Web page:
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  • Alex Haseldine

Fours Reasons To Be Thankful

And two to be cautious.

Reasons to be cheerful...

Rate Shift: over the past 4-6 weeks markets have shifted rapidly towards the idea that the major central banks (ex-Japan) have finished tightening, and that policy rates will fall significantly next year (100-125 basis points in the US and Eurozone, more like 80 bp in the UK). As a result, Risk Parity strategies have just had one of their best months ever. 30-year US and German bond yields are down roughly 80 and 65 basis points respectively from their 10th October highs while the S&P 500 and the Euro Stoxx 600 have rallied roughly 11 and 9% from their lows on the 27th October lows. Equity market leadership is also shifting away from big tech towards real estate, financials and small cap equities that are seen as having the most to gain from a peak in rates.

Inflation Pressures Have Subsided to the Pre-COVID Norm: the clearest way to see this is to track the composite PMI output prices indexes. (For simplicity, we use a 60-40 weighting scheme to combine services sector and manufacturing data). All the major economies are back in the zone that prevailed between the GFC and COVID - figure 1. That's not fully reflected yet in inflation momentum (6-mo/6-mo annualised growth) - figure 2 - but it's a strong indicator that on the ground inflation pressure is back where it needs to be. Further confirmation came out last week. The flash estimate for EZ inflation in November came in well below expectations at 2.4% yoy. Core inflation has been running at the same rate over the past 3 months. Final data will be released on December 9th but we expect it to be close to the flash estimate. In the US core PCE inflation was 3.5% yoy in October but only 2.2% per annum over the last 3 months, very similar to the Eurozone. Meanwhile, core inflation less shelter is running at 0.8% per annum over the past 3 months - figure 3. On the other hand service sector inflation less shelter - a measure the Fed likes to follow - has been picking up a bit over recent months - figure 4. The main culprit is the cost of car insurance, which is up 20% on the year, with big monthly gains since the summer. That's likely more of a one time bump to transportation costs related to the current issues around insuring and repairing electric vehicles rather than a sign of generalised inflation pressure.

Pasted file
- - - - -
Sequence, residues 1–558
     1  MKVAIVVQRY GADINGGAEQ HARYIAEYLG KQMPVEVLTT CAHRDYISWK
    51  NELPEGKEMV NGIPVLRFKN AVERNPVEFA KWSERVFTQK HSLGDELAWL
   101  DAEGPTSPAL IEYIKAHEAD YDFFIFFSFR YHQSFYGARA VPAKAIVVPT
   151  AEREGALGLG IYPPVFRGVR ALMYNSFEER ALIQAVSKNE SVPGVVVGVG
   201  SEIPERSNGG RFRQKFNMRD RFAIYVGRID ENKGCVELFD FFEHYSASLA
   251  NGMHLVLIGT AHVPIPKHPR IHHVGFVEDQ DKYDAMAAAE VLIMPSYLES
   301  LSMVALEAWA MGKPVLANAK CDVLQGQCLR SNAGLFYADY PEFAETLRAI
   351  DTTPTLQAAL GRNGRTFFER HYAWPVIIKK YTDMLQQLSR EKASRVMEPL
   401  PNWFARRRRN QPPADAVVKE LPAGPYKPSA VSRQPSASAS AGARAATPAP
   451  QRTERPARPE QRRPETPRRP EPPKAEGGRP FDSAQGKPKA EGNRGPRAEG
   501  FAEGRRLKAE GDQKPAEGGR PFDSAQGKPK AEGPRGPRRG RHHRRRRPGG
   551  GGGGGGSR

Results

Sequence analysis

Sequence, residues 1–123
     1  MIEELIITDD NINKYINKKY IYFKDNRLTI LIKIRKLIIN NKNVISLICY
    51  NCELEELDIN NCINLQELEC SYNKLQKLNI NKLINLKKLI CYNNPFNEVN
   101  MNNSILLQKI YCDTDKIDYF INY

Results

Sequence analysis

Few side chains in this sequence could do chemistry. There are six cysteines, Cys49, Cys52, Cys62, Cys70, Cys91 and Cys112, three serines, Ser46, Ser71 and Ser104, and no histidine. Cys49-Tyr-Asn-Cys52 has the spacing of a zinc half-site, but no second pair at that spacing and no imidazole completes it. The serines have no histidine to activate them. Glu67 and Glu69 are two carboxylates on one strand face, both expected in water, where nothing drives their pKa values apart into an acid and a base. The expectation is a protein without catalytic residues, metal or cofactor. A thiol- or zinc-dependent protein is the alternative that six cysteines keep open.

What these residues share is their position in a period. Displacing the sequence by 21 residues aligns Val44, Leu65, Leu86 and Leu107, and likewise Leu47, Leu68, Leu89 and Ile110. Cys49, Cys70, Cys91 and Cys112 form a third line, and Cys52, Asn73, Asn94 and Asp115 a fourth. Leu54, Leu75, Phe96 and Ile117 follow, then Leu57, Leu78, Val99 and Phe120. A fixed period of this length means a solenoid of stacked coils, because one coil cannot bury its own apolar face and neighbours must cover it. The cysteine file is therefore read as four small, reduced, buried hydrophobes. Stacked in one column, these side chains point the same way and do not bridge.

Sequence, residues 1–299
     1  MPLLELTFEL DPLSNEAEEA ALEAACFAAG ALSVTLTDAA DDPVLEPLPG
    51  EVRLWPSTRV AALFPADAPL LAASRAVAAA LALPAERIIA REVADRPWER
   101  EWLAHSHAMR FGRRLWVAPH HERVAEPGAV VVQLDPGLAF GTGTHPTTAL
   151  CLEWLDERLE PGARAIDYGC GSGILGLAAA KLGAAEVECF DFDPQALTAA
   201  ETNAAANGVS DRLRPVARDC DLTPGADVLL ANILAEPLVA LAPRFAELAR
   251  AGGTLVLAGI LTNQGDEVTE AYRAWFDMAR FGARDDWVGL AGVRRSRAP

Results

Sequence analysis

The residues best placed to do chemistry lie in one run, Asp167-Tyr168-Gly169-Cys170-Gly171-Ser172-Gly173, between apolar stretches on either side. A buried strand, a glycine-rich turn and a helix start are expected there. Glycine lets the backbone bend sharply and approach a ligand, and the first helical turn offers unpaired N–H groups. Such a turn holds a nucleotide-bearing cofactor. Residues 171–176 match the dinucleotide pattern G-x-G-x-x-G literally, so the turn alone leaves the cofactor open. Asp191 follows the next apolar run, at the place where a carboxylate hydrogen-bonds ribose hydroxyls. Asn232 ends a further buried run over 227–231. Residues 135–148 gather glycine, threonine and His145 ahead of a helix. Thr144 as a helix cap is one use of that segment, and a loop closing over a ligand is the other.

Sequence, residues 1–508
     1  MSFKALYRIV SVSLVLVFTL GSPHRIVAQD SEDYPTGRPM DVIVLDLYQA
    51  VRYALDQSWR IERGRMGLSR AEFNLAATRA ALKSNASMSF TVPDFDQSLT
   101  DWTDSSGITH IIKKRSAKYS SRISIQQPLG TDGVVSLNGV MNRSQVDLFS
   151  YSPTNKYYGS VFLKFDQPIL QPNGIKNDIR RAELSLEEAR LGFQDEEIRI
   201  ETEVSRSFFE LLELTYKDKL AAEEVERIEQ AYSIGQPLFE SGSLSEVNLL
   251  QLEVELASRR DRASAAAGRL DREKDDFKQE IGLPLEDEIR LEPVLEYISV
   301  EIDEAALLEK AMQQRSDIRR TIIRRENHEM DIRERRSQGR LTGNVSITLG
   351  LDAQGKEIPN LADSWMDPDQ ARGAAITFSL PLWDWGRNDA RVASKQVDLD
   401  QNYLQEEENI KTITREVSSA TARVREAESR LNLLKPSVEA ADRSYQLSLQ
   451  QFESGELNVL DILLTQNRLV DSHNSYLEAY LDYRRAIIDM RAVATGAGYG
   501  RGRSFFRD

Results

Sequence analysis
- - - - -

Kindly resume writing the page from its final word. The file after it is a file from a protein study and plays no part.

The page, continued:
US Growth is Cooling Down: according to our monthly US GDP tracker underlying US GDP growth accelerated from 0.3% to 3% per annum over the last 14 months. But recent data suggests this spurt of growth has already rolled over. Economic surprise measures have fallen sharply in recent weeks and the Atlanta Fed's GDP Now estimate for this quarter is 1.8% per annum. Some forecasters expect headline GDP to be negative this quarter as final demand cools and inventories changes switch from a big positive to a big drag - figures 5-6. That is exactly what the hawks on the FOMC need and want to see, as acknowledged by Governor Waller last week.